Cool food color in milk science experiment you can do at home.

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food color in milk science experiment with dish soap
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This is a really cool science experiment. (food color in milk science experiment). You just need food colors, milk, cotton swabs and dish soap to do this experiment. There is a beautiful little experiment card in this post. You can take a print out or save this experiment on Pinterest.

food color in milk science experiment

It’s so easy but the results are really good. And this is one that can be done relatively unsupervised if you wish because none of the products are dangerous to kids! Though, personally, I love to see how it works just as much as the kids do.

Materials required for Food color in milk science experiment:

  • One or two cups of milk
  • Liquid food coloring
  • Dish soap
  • Cotton swabs
  • Dinner plate or shallow dish
  • Small container

Procedure

  • Pour milk onto a plate. (It’s ok if you see bubbles.)
  • Drip a few drops of food coloring of choice in the center of the milk. You can get creative with where you drop the drops and space them out how you wish. (Note: Food coloring may spread out slightly as pictured.)
  • Dip a cotton swab into the dish soap.
  • Place the cotton swab in the middle of the colors and watch what happens! You should see the colors start to spread out towards the sides of the plate and change over time. You can repeat this step a few times.  

Tips for Food color in milk science experiment:

  • Kids can take their cotton swab and “draw” or “swirl” in the colors. Eventually, the colors will mix together until the milk becomes one color.
  • It doesn’t matter what colors you use, but contrasting colors will be more obvious and coordinating colors will be more subtle. It all depends on the effect you want to see.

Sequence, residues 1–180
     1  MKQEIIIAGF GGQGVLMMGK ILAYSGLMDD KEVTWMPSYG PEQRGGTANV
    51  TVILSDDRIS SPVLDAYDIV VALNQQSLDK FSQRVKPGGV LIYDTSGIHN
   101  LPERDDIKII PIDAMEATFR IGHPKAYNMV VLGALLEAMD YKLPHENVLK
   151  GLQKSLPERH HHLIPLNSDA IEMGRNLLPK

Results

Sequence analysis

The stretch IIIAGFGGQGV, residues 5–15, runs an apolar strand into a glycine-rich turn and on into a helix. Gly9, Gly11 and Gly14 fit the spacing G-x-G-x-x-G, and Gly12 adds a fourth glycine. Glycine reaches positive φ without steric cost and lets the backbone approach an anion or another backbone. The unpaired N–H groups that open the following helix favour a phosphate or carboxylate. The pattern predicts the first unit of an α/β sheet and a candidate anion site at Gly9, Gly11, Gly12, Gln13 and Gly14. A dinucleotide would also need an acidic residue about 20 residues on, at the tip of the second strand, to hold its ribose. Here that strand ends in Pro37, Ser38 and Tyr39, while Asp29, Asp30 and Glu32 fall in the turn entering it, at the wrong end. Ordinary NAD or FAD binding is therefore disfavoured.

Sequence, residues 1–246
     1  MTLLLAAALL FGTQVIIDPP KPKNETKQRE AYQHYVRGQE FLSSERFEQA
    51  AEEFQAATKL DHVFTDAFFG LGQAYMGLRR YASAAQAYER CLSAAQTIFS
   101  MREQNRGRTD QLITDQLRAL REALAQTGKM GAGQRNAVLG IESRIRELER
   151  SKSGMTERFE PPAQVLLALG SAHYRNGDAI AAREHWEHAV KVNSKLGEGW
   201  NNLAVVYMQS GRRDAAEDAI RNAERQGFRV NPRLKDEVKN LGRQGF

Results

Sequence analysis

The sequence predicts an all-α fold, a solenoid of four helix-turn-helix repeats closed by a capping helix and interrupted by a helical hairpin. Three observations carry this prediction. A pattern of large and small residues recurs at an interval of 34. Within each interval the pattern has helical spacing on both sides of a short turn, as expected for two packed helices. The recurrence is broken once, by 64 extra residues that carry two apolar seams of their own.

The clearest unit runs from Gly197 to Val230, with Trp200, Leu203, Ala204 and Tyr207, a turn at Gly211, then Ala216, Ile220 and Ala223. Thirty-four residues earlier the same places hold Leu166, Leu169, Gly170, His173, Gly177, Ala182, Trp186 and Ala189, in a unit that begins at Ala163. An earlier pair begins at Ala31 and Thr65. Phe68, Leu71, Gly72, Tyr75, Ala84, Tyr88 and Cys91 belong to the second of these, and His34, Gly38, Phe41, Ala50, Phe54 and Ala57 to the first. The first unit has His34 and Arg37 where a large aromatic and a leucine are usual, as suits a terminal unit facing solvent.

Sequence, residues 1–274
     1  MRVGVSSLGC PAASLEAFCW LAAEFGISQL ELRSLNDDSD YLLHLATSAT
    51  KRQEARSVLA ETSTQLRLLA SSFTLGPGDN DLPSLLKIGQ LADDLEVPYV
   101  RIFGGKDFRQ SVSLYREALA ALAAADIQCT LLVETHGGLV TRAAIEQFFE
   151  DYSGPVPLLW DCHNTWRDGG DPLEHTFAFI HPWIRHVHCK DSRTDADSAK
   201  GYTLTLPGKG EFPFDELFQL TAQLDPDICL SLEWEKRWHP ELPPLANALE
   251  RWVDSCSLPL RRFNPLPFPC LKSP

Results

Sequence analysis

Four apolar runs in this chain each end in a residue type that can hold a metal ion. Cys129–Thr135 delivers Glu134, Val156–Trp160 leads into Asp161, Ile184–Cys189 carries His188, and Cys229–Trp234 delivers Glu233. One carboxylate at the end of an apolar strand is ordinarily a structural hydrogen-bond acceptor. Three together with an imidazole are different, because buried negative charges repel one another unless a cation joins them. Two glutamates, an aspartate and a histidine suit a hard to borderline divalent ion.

Experiment Card:

food color in milk science experiment with dish soap

Milk Experiment

Prep Time: 20 minutes
Active Time: 10 minutes
Total Time: 30 minutes
Difficulty: Easy

Materials

Instructions

      1. 1) Pour milk on the plate or a shallow dish download 4 Cool food color in milk science experiment you can do at home.
      2. 2) Drip a few drops of food coloring of choice in the center of the milk. You can get creative with where you drop the drops and space them out how you wish. (Note: Food coloring may spread out.)download 1 Cool food color in milk science experiment you can do at home.
      3. 3) Dip a cotton swab into the dish soap.
      4. 4) Place the cotton swab in the middle of the colors and watch what happens! You should see the colors start to spread out towards the sides of the plate and change over time. You can repeat this step a few times. Tip: Kids can take their cotton swab and “draw” or “swirl” in the colors. Eventually, the colors will mix together until the milk becomes one color.  download 2 Cool food color in milk science experiment you can do at home.  
      5. 5) If you allow the milk to sit a while before all colors are mixed completely together, you can see the milk change in neat ways as pictured here.download 3 Cool food color in milk science experiment you can do at home.

Notes

Read the complete post on sciencetidings.com to understand why this happens.

Did you do this experiment?

Share the photos of this experiment on your Instagram and tag us @sciencetidings.

Explanation:

Milk is mostly water, but it also contains vitamins, minerals, proteins, and tiny droplets of fat suspended in solution. Fats and proteins are sensitive to changes in the surrounding solution (the milk).

Like other oils, milk fat is a non-polar molecule and that means it doesn’t dissolve in water. When soap is mixed in, however, the non-polar (hydrophobic) portion of soap breaks up and collects the non-polar fat molecules. Then the polar surface of the micelle (hydrophilic) connects to a polar water molecule with the fat held inside the soap micelle. Literally, soap molecules are teaming up with fat molecules in milk and help those fat molecules to move around.

The molecules of fat bend, roll, twist, and contort in all directions along with soap molecules. During all of this fat molecule gymnastics, the food coloring molecules are bumped and shoved everywhere, providing an easy way to observe all the invisible activity. As the soap becomes evenly mixed with the milk, the action slows down and eventually stops. This is why milk with a higher fat content produces a better explosion of color—there’s just more fat to combine with all of those soap molecules.

Try adding another drop of soap to see if there’s any more movement. If so, you discovered there are still more fat molecules that haven’t found a soap partner at the big color dance. Add another drop of soap to start the process again.

Recommended Products:

If you are looking for more easy science experiments, I recommend this ‘Kitchen Science lab for kids‘ from Amazon.

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